MEMBER ALERT: AOPA will be closed for President's Day, Monday, Feb. 15and will reopen at 8:30 a.m. EST, Tuesday, Feb. 16.
November 1, 2010
By Thomas B Haines
Video has been a part of the Internet almost since the beginning, but back in the 1990s the only videos were short, grainy news clips that often took minutes to download. Today, though, video dominates the Web. Major television networks stream top-ranked broadcast shows as soon as they air. Almost 70 percent of all adult Internet users watch video online, according to the Pew Internet and American Life Project. There are now more video plays daily via the Web than Web searches through the major search engines.
The power of streaming video and video on demand were not lost on AOPA President and CEO Craig Fuller when he took over as leader of the association in 2009. Looking for a way to expand the audience for the great content created at the association’s annual convention, he urged the streaming of interviews with industry leaders at the convention, which he dubbed AOPA Aviation Summit—and thus was born AOPA Live®.
Now, less than a year later, AOPA Live has become a leader in the distribution of general aviation video content. The start-up at Summit 2009 was funded by a generous anonymous gift from an AOPA donor. “We get some 10,000 people at Summit,” Fuller said, “but through the Web we can reach our 410,000 members around the world and other audiences that can learn about general aviation and all we do.”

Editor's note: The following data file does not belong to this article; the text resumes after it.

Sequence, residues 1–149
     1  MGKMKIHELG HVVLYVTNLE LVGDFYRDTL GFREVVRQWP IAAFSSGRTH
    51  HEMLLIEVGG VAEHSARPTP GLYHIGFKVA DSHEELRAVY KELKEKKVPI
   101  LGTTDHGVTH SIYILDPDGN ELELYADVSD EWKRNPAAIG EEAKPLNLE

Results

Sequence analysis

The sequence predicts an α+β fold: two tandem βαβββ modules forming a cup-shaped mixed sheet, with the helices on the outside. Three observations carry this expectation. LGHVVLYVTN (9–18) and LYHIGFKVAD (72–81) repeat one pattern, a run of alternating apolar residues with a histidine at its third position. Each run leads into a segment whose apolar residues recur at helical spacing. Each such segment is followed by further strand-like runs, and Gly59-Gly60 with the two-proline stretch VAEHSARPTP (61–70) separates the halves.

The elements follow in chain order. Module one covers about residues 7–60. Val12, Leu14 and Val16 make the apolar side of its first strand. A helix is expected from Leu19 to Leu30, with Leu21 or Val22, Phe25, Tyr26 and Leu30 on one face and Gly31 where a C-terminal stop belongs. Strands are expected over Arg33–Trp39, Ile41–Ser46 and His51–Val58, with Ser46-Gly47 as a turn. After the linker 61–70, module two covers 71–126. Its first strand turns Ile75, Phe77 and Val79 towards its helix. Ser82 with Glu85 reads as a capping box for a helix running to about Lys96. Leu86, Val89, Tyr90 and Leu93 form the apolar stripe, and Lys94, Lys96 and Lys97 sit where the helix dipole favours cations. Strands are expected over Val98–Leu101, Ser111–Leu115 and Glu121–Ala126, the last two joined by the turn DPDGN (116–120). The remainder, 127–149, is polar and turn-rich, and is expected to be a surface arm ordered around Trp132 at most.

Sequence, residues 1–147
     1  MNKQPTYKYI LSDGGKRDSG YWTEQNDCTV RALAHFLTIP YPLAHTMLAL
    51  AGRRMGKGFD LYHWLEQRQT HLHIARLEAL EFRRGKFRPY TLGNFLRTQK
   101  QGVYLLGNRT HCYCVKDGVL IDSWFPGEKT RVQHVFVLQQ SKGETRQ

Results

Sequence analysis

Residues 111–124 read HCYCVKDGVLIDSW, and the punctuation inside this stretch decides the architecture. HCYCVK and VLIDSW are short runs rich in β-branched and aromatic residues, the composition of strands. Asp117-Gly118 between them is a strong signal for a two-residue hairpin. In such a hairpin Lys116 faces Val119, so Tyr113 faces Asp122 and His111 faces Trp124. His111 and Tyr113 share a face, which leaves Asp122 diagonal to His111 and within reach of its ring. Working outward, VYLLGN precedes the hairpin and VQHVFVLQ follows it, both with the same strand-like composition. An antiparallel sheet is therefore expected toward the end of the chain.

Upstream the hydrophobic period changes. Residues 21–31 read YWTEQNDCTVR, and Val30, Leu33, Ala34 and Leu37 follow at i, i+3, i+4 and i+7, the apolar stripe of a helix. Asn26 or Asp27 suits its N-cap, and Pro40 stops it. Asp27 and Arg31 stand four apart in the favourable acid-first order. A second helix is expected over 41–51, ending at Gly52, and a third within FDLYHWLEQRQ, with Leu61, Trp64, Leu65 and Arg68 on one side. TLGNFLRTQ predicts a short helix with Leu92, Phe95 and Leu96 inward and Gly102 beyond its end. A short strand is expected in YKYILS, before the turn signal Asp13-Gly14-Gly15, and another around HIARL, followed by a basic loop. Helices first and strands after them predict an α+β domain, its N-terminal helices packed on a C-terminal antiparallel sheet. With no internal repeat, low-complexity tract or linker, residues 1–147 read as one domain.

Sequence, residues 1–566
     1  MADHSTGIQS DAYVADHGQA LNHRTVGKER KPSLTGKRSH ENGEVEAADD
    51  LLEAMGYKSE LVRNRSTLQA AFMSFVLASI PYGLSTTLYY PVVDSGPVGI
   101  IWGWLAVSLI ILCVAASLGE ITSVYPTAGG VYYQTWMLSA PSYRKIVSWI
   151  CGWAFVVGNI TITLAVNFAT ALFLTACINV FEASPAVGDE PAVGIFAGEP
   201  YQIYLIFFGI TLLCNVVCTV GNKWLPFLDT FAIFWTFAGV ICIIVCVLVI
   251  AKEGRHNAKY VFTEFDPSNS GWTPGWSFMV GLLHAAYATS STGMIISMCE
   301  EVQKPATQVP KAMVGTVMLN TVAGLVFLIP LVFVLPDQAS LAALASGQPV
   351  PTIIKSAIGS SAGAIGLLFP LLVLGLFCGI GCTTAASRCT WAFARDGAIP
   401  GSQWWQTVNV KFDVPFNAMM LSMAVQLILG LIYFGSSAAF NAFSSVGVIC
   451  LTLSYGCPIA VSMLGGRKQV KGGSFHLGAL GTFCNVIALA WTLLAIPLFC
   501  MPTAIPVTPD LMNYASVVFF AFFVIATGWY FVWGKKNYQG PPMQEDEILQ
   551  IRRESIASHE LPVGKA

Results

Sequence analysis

And it worked. AOPA Live at Summit 2009 was broadcast live from the exhibit hall floor, featuring dozens of interviews with industry leaders. Thousands watched from the show; tens of thousands watched from around the globe.
In the intervening year, AOPA Live has posted more than 700 videos to its archives. Through nearly 1 million plays, viewers from more than 160 countries have watched thousands of hours of video on everything from techniques for flying lean of peak to the details of the plan for ADS-B and NextGen implementation. The videos are available for play 24 hours a day, seven days a week.
Warren Morningstar, AOPA Live executive producer/director, isn’t surprised by the out-of-the-box success. “Web video is the next cable. The younger generation is getting most of its video online. Some 84 percent of Internet users age 18 to 29 watch video online. Many in this generation don’t watch traditional TV at all. My daughter, a graduate student, doesn’t have cable and rarely watches over-the-air TV. She and most of her peers watch video on their computers.”
But, as Morningstar points out, video isn’t just about reaching the next generation of pilots. Older adults watch video online as well. Studies show that 78 percent of people with household incomes above $75,000 watch video online. And pilots, who are generally more technically savvy than the general population, probably consume online video at an even higher rate.
AOPA Online showcases the latest AOPA Live videos on the home page. Clicking on any of the links takes you to the AOPA Live page, which can also be directly reached at www.aopa.org/aopalive. There, the videos are arranged into channels by topic. Among the channels are Safety & Education, Aircraft & Aviation Products, GA News & Advocacy, and Aviation Events & Gatherings.
AOPA staff carefully monitor the volume of views and the characteristics of successful videos to continually improve the subjects and quality of the content on the site. Flying technique videos prove among the most popular, with many getting tens of thousands of views within a few weeks of release.
For example, Flight Training Deputy Editor Ian Twombly created a video in the AOPA studio using a flight simulator to demonstrate how to fly a crosswind approach and landing. While a subject every pilot should understand, most of us feel we could do better. Twombly’s video has been a blockbuster.